Warwick Valley Humane Society Launches Campaign for Much-Needed New Shelter

Warwick Valley Humane Society Launches Campaign for Much-Needed New Shelter

Nonprofit Won $500G State Grant for $1.5 Million Project

WARWICK, NY—Armed with a $500,000 state grant and nearly $325,000 in additional individual and foundation funds, the Warwick Valley Humane Society launched a capital campaign this week to raise the remaining funds needed to build a $1.5 million state-of-the-art animal shelter. The new facility would address years of severe overcrowding and inadequate infrastructure that has hampered the organization’s ability to provide shelter and supportive services for hundreds of rescued dogs, cats and other animals to today’s standards in animal care for the three Orange County towns of Warwick, Chester and Tuxedo including the hamlets and villages therein.
Olimometer 2.52

The Warwick Valley Humane Society (WVHS) was awarded a $500,000 grant from NYS Companion Animal Capital Fund Grant program in January, the highest award possible through the competitive grant program, the first state-funded program of its kind in the nation, administered by the NYS Office of Agriculture and Markets. WVHS rescued 341 domestic animals—including dogs, cats, rabbits, guinea pigs, and roosters – in 2018, plus another 45 assorted injured and orphaned wildlife, providing a range of services including shelter, medical treatment, redemption and adoption of domestic and farm pets and transport to NYS licensed wildlife rehabilitators.

“We are extremely pleased to be launching a drive aimed at securing the remaining funds necessary to build a much-needed new shelter at our current home in Warwick,” said WVHS President Suzyn Barron. “Winning the Companion Animal Capital Fund Grant was incredible! It recognized the significant need we are experiencing and the challenges faced by our dedicated staff and volunteers in caring for our community’s unwanted, stray and neglected animal companions.”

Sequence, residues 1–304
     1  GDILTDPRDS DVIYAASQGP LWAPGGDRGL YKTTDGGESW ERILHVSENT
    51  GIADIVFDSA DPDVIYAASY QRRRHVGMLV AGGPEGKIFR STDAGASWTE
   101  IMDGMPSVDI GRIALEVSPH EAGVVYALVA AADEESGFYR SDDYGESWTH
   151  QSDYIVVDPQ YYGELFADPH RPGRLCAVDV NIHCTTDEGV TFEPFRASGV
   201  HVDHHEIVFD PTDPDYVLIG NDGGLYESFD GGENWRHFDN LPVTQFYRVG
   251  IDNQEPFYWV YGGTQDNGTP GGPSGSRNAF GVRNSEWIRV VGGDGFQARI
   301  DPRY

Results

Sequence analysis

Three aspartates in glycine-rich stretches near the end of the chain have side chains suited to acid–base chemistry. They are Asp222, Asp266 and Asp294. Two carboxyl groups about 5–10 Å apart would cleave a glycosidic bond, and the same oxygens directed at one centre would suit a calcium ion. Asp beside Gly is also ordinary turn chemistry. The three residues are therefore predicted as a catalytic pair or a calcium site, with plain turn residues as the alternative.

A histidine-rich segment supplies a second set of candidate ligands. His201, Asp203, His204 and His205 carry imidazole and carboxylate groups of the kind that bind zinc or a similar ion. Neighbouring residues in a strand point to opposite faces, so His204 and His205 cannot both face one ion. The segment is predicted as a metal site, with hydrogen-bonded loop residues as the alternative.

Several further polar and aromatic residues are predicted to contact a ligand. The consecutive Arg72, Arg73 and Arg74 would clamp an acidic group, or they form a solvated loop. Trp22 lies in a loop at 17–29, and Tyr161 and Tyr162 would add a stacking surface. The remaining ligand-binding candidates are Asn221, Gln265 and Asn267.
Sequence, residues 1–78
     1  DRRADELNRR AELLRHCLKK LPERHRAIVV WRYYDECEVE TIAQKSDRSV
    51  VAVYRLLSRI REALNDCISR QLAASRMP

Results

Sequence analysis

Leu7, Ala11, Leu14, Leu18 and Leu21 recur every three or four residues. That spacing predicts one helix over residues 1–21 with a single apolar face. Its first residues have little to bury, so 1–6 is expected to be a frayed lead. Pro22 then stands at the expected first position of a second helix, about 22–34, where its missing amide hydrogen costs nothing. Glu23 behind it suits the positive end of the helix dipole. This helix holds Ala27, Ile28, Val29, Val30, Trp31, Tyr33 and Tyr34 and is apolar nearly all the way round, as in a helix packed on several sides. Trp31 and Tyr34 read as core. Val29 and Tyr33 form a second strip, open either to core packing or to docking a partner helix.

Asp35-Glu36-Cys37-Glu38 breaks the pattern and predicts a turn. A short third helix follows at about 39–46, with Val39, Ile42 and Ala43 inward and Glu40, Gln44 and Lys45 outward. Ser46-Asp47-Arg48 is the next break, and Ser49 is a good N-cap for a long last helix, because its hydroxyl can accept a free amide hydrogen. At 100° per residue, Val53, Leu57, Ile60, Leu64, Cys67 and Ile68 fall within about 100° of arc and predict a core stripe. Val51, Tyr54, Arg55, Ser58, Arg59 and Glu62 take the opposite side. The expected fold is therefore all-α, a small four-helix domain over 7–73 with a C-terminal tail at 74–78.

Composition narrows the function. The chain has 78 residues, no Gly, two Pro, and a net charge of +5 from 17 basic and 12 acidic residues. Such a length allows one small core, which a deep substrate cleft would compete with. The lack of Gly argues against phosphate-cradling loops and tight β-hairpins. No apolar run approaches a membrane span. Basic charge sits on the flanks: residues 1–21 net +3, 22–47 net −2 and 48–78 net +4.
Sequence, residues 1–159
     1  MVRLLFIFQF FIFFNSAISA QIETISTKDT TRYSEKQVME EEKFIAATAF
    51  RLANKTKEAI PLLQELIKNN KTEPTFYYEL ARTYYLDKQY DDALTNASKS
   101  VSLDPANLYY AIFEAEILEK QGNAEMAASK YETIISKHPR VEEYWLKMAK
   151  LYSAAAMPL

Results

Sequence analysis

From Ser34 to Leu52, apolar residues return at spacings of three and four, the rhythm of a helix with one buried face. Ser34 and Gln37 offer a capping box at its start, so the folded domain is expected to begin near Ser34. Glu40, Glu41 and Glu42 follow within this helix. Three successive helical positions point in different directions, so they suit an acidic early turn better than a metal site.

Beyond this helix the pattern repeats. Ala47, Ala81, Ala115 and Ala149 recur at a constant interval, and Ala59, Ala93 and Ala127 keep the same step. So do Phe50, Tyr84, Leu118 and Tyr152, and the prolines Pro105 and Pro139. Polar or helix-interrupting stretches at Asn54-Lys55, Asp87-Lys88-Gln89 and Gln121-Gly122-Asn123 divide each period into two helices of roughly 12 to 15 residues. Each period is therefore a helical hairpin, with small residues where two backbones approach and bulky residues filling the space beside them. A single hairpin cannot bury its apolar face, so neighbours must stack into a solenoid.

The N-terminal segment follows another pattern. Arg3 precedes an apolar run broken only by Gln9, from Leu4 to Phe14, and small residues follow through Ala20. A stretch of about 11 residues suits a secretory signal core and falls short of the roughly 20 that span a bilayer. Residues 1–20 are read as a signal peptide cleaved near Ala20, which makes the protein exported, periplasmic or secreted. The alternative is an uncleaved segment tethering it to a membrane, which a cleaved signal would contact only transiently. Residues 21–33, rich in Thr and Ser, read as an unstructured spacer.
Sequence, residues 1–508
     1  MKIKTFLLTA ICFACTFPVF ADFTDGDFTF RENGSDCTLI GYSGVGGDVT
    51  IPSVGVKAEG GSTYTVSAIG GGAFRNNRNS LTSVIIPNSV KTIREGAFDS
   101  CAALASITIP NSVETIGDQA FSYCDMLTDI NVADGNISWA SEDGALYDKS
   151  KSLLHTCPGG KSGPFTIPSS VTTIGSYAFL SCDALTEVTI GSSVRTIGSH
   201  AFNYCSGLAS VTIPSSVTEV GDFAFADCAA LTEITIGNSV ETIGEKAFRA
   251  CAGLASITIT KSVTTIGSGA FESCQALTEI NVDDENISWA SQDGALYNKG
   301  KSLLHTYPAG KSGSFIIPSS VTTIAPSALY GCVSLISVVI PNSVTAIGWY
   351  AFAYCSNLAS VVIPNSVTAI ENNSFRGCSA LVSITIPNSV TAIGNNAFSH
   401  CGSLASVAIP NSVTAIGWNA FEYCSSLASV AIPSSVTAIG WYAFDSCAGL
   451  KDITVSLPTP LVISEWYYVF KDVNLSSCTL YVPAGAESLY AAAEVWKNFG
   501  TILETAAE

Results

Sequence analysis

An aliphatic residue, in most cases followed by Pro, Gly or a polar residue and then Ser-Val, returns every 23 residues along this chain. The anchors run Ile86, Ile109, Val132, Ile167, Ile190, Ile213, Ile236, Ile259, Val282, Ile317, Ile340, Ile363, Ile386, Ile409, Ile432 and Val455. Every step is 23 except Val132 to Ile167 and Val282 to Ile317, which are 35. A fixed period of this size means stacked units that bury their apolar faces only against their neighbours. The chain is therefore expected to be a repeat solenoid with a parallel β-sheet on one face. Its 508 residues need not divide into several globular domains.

Ms. Barron said WVHS has begun its campaign in hopes of raising the needed funding from a combination of donations, event revenue, and grant awards. “Anything and everything is appreciated,” she said, adding that the organization has some upcoming fun-filled fundraising events, including their second partnering with Winslow Therapeutic Riding Center for the spectacular “Sunset at Winslow” (sunsetatwinslow.com) set for Saturday, June 15th, their biggest fundraiser of the year! In addition, the “Fore the Animals” Golf Outing in May and “Woofstock” in June. “  WVHS is so grateful for the time and energy our community members have given to us in organizing and running these two events.

We hope that animal lovers and other supporters from the communities we serve will rally around this important initiative so that “rebuilding the shelter” will be completed in 2020.”

Originally built in 1968, WVHS’ current facility is a collection of additions built on an as-­needed basis. Without proper funding and faced with an ever-growing need, the facility is cramped, poorly lit, and uncomfortable for both animals and humans. While WVHS strives to provide the most humane and nourishing care to its animal population, it is unable to provide more than one general isolation room, one intake area, less­-than-­ideal group housing, and little room for enrichment. A cat room doubles as an office, a bathroom doubles as a temporary dog room, and a utility room serves as laundry, food prep, grooming and veterinary area. The proposed project will enable WVHS to address and remedy all of these concerns as well as create extra isolation kennels.

WVHS serves the towns of Warwick, Chester, and Tuxedo in Orange County, an area, collectively, over 179 square miles and populated by nearly 50,000 people. WVHS serves as 24/7 Animal Control for Warwick and Chester and provides impoundment services for Tuxedo. These three municipalities represent 16,892 occupied households (US Census Bureau’s 2016 American Community Survey) and, using estimates provided by the American Veterinary Medical Association (AVMA), equating to over nearly 10,000 dogs and nearly 11,000 cats.

Additionally, WVHS provides services to the entirety of Orange County, working closely with Law Enforcement and other government agencies and humane societies in the prevention, investigation and alleviation of animal neglect and cruelty.  This includes providing coverage assistance in Orange County’s urban centers of Middletown (pop. 27.601), Newburgh (pop. 28,406), and the Town of Windsor (pop. 26,380). At any given time, the WVHS can accommodate approximately 200 animals (25 dogs, 175 cats) and it is nearly always beyond capacity.

For more information or to donate: Call (845) 986-2473 or visit wvhumane.org




Share this post